I am pretty old school about that. Anyway, I understand that people need excuses for what they do. I don't. Their Twitter time comes out of my pocket, and I don't pay for other people's addictions.

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I have read this article and all the posts.

I am wondering if any of you hav the slightest idea about what Twitter is or how it can be used. @rolandk touches on the power of it when he suggests employees could be using Twitter and/or Facebook to promote their company`s brand and products.This is in fact how the vast majority of savvy companies and savvy employees are using Social Media

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I know quiet a few online shops/companies that use Twitter/Facebook for new product announcements, letting people know about site updates(similar to RSS Feeds), etc

One company has a facebook blog where they post "behind the scenes" info about the company, etc. They also got a youtube style section to their webpage where they do product review, event report, etc videos.

Those tools can be used and be used well, said that never seen a company that would let your average salary-man promote it, always organised, etc like all other published company material.

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michaelqtodd: All that may seem good to you but remember Twitter and facebook have been know for causing just as much trouble as good.

If you take facebook for example some people just don't know when to stop and certain so-called friends can end up being a liability, so it's not so much what you post but also what others post and the perception of you, your employees being associated with those who may be posting inappropriate or even offensive things to some.

I used to have a facebook page and at first used it to socialize and promote my business, but as more people got added it became more and more difficult to keep an eye on everything they were posting, when the i-phone came out it became impossible with people posting picture of their lunch, dinner, the girl they just met you name it they posted it.

I have several people who would post their religious or anti-religious beliefs, it got to the point I was removing people everyday until it made no sense in keeping it and guess what? My life is much simpler and happier without it and if a friend or client wishes to contact me they can call or email, I will be happy to answer them.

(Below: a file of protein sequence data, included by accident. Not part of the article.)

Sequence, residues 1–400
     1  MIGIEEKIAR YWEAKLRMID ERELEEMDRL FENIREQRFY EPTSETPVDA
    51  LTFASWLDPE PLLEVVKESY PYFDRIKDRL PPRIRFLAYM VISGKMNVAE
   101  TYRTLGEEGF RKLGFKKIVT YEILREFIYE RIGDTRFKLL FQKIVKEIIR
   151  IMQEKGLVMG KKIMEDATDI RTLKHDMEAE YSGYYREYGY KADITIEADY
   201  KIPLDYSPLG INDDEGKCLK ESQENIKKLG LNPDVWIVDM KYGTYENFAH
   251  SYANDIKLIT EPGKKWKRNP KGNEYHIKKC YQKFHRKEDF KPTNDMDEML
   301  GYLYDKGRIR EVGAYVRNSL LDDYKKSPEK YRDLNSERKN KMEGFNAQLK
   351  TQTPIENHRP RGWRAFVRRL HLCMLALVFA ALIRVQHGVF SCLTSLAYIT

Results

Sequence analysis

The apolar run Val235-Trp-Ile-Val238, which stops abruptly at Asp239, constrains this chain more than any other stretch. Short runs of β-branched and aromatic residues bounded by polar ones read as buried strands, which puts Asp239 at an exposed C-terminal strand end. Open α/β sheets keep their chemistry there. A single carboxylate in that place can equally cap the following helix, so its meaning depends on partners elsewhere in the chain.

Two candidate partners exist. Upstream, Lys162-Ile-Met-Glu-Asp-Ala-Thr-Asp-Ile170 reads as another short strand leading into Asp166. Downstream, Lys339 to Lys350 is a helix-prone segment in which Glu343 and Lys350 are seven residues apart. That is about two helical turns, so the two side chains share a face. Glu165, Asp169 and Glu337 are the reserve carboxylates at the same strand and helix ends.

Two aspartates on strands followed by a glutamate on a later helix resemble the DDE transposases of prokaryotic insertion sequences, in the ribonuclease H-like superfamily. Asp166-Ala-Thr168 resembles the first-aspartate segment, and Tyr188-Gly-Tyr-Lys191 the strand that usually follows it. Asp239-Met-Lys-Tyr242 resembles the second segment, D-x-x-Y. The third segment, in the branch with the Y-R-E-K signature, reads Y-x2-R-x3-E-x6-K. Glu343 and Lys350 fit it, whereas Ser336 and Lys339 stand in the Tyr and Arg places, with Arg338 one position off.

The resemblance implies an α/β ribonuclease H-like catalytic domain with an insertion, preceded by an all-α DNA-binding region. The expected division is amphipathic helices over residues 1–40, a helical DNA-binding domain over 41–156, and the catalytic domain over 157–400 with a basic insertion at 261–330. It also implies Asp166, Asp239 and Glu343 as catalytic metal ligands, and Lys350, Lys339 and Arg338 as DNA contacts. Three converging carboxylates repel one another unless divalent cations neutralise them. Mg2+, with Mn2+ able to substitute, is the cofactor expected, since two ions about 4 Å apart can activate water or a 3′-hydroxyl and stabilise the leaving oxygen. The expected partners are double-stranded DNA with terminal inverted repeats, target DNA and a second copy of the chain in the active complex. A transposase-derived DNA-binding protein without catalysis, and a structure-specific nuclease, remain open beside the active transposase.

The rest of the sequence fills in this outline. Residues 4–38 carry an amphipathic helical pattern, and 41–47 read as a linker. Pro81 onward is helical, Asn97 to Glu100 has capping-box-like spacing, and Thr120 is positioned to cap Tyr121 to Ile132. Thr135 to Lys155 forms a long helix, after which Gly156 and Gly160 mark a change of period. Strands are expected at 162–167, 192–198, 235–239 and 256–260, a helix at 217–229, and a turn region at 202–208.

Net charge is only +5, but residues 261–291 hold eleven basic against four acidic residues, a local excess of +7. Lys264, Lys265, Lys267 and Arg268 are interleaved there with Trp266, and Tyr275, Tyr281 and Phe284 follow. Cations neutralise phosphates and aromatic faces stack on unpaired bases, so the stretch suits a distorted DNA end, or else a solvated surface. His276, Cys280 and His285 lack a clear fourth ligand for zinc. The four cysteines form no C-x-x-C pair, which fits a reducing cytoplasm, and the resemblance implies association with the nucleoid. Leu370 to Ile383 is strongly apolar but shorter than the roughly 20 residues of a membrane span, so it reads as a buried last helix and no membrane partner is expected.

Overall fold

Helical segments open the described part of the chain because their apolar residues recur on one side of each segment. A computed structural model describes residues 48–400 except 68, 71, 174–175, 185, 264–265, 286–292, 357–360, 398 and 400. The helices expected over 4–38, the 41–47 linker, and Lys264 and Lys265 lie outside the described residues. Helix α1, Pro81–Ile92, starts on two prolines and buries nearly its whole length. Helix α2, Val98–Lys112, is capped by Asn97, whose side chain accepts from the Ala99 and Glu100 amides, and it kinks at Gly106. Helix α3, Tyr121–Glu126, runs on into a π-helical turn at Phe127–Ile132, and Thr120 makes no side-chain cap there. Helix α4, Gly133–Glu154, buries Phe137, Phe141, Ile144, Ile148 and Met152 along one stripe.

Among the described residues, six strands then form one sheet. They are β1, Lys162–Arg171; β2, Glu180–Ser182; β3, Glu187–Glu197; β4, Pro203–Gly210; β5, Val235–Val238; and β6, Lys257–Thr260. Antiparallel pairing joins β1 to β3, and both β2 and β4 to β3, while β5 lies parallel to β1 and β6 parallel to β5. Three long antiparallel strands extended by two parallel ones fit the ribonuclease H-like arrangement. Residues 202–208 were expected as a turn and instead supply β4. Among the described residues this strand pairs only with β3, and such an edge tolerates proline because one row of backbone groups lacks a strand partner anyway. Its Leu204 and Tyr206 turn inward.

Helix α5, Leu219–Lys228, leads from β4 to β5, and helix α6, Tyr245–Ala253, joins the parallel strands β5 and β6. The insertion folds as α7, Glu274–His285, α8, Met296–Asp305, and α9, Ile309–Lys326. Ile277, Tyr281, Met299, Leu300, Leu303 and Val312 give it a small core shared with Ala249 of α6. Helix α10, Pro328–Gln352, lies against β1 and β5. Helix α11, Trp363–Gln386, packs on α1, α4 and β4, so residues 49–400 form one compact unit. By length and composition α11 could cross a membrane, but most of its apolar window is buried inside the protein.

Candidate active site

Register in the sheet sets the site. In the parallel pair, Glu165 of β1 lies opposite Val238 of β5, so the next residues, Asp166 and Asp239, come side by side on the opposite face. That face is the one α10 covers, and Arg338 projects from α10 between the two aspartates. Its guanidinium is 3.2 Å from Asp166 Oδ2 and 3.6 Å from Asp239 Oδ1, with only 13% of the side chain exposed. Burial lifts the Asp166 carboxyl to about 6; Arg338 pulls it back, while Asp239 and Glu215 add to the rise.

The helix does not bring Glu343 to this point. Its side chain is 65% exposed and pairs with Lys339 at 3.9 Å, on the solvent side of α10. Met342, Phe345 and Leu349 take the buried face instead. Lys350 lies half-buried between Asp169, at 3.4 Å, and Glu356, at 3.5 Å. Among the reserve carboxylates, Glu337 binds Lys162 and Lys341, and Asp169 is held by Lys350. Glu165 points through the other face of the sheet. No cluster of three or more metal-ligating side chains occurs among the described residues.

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@zenny11 Sounds like old school stuff by companies without a single clue how to market

@limboinjapan Sounds like you attracted the wrong people. I have had 5000 facebook friends for about a year now and it is only once a month or so that I would ever remove anything from my wall. And my wall is open for anybody in the world to read or post stuff on it.Not just "friends"

The only way to promote your business these days is via social media.Many many Japanese companies are waking up to this and encouraging their employees to learn social media skills and to increase their networks

A small group of us (about 10 people) have been making the odd conversation about our Internet radio station for a few months via Facebook and a little Twitter.At Christmas we had 8,000 listeners, June 60,000 and now we have 1.5 million a day. Growing at 50,000 a day consistently over the last 2 weeks.Not a single cent spent on marketing,not a single add or an email and around 20 minutes spent a day each

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michaelqtodd.

Maybe old school stuff but those companies are minting it. So somehow they are doing things right, having a clue or not.

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This is in fact how the vast majority of savvy companies and savvy employees are using Social Media

If I see anything in my inbox that looks even remotely like a commercial message, I delete it without opening. Social Media is just a euphemism for spam.

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@Beelzebub What has social media got to do with sending anything to inboxes? I think it is wonderful that Japan is embracing Twitter and that ideas and information are being spread in an open and unrestrained way

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Like everything in Life, using any type of social media is about MODERATION. Twitter, Facebook, etc. can be useful tools, a means to an end, but only if used within limits/boundaries. I don't tweet but I enjoy using Facebook as a tool to connect with friends.

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if Japanese don't do anything anyway, what on earth have they anything to tweet about? Just complain probably